Art Industry News: Billionaire Hedge-Funder Ken Griffin Moves His Megawatt Art Collection to Florida While Suing the Government + Other Stories
Plus, Deborah Willis wins Crystal Bridges's $200,000 prize, and Biden names the head of the President's Committee on the Arts and the Humanities.
Art Industry News is a daily digest of the most consequential developments coming out of the art world and art market. Here’s what you need to know on this Friday, December 16.
NEED TO READ
Prado Updates Its Labels to Promote Women Patrons – The Spanish museum is revising its tours and wall labels to highlight historic women who made the collection possible and remove outdated language like “wife of” to identify historic patrons. The program, El Prado en feminine, is based on research by art historian Noelia García Pérez, who analyzed work in the museum’s collection dating from 1451 to 1633. (ARTnews)
New York City Arts Organizations Get $58 Million – More than 1,000 arts organizations will receive grants from the city’s Cultural Development Fund, with a portion of the money earmarked for entities dedicated to underserved communities, including disabled artists and audiences and those whose first language is not English. (New York Times)
Ken Griffin Is Suing the IRS and Moving His Art to Florida – The billionaire art collector has moved his hedge-fund business—and, as it turns out, his art collection—to South Florida. Griffin was a longtime supporter of the Art Institute of Chicago, where his pricey Pollock, Rothko, de Kooning, Ryman, and other paintings were on loan. But he has recently shifted his loyalties, hanging the same works at the Norton Museum in West Palm Beach. Meanwhile, the billionaire is in the midst of a lawsuit against the IRS over the leak of his tax and income records, which were made public as part of an investigation by ProPublica. (ARTnews, Vanity Fair)
Bookforum Gets an Obit – David L. Ulin, the book critic for the Los Angeles Times, penned an obituary for Bookforum, which recently announced its current issue would be its last following the acquisition of its sister publication Artforum by Penske Media Corp. The closure, Ulin wrote, brings “this sense of loss and anger, this feeling that something essential is being needlessly destroyed.” (Los Angeles Times)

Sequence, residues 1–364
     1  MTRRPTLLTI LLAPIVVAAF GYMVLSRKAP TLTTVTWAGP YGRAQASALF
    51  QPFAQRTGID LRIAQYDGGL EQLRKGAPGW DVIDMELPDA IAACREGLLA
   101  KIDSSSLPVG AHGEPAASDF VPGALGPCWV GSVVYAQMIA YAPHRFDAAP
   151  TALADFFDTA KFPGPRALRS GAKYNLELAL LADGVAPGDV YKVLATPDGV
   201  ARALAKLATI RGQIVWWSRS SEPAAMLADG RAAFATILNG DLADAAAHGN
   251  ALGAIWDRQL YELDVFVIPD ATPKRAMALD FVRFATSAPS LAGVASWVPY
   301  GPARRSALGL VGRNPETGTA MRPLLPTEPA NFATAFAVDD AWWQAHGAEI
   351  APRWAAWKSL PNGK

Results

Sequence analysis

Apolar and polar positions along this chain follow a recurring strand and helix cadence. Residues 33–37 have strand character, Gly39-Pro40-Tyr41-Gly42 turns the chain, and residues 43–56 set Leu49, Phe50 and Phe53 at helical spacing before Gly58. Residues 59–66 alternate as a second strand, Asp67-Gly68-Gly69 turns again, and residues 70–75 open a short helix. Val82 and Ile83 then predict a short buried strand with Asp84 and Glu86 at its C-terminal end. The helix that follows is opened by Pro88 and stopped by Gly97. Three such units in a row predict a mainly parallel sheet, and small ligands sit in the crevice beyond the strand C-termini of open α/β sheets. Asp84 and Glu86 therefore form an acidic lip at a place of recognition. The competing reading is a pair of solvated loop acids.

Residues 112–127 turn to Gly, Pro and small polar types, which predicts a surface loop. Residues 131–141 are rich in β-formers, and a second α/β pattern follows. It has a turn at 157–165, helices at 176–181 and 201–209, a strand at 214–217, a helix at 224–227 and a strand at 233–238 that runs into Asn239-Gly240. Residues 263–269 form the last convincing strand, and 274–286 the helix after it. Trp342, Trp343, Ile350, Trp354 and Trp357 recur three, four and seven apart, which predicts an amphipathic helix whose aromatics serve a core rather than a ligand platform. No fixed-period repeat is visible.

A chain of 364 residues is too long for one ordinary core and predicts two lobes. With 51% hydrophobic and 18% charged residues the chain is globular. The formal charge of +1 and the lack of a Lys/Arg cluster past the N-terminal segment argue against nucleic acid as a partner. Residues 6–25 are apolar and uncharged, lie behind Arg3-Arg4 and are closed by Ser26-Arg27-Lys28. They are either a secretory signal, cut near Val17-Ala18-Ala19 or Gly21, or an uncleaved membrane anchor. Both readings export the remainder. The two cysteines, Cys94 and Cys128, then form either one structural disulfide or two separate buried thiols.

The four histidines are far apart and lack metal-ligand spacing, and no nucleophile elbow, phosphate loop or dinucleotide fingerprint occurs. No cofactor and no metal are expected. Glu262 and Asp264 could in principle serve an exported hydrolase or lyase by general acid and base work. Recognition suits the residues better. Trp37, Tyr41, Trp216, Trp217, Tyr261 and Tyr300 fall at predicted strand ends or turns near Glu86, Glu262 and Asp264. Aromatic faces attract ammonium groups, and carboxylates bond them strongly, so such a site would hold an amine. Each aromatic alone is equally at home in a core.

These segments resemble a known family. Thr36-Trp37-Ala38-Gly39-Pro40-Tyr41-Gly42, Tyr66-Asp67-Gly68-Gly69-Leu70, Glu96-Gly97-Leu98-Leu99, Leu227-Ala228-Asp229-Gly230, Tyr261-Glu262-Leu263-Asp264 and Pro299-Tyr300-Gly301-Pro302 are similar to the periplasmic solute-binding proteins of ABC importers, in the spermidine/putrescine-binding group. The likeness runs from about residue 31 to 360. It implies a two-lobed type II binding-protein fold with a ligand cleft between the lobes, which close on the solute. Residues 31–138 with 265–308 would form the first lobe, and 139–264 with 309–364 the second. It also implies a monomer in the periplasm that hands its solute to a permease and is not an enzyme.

MOVERS & SHAKERS
Deborah Willis Wins $200,000 Award – The Crystal Bridges Museum of American Art has awarded Deborah Willis the $200,000 Don Tyson Prize, which goes to an individual or institution in the U.S. working in any medium who is moving art forward. Willis is a photographer, author, and curator who focuses on cultural histories envisioning the Black body, women, and gender. (Press release)
Biden Taps Leader for Arts Committee – Tsione Wolde-Michael, director of the Center for Restorative History at the Smithsonian’s National Museum of American History, will become the executive director of the reconstituted President’s Committee on the Arts and the Humanities, which disbanded in 2017 under the Donald Trump administration. She is the first Black leader of the committee. (TAN)
Phillips Announces End-of-Year Total – Phillips sold $1.3 billion in luxury goods in 2022, the highest annual total in the company’s history, surpassing last year’s record $1.2 billion. Its auction sales reached $1 billion, a slight increase from 2021’s $993.3 million, while private sales grew by 20 percent year over year. The house said that 47 percent of buyers were new clients and nearly a third were millennials. (Press release)
Hartwig Art Foundation Teams Up With Performa – The foundation, which is building a new museum for contemporary art in Amsterdam, has formed an institutional partnership with the New York performance-art organization to commission and create new works, expand the Performa archive, and launch a fellowship. (Press release)
FOR ART’S SAKE
Ben Davis’s Book Is an NYT Pick – Art in the After-Culture: Capitalist Crisis & Cultural Strategy by Artnet News’s national art critic has been named one of the best art books of 2022. “An alert data hoarder, a shrewd analyst, and a propulsive stylist, Davis views the hot-air balloon called the art world in a broad political context,” Holland Cotter wrote. “He writes with the coolness of a sociologist, the passion of someone with a horse in the race, and the smarts to avoid both cheerleading and snootiness.” (New York Times)
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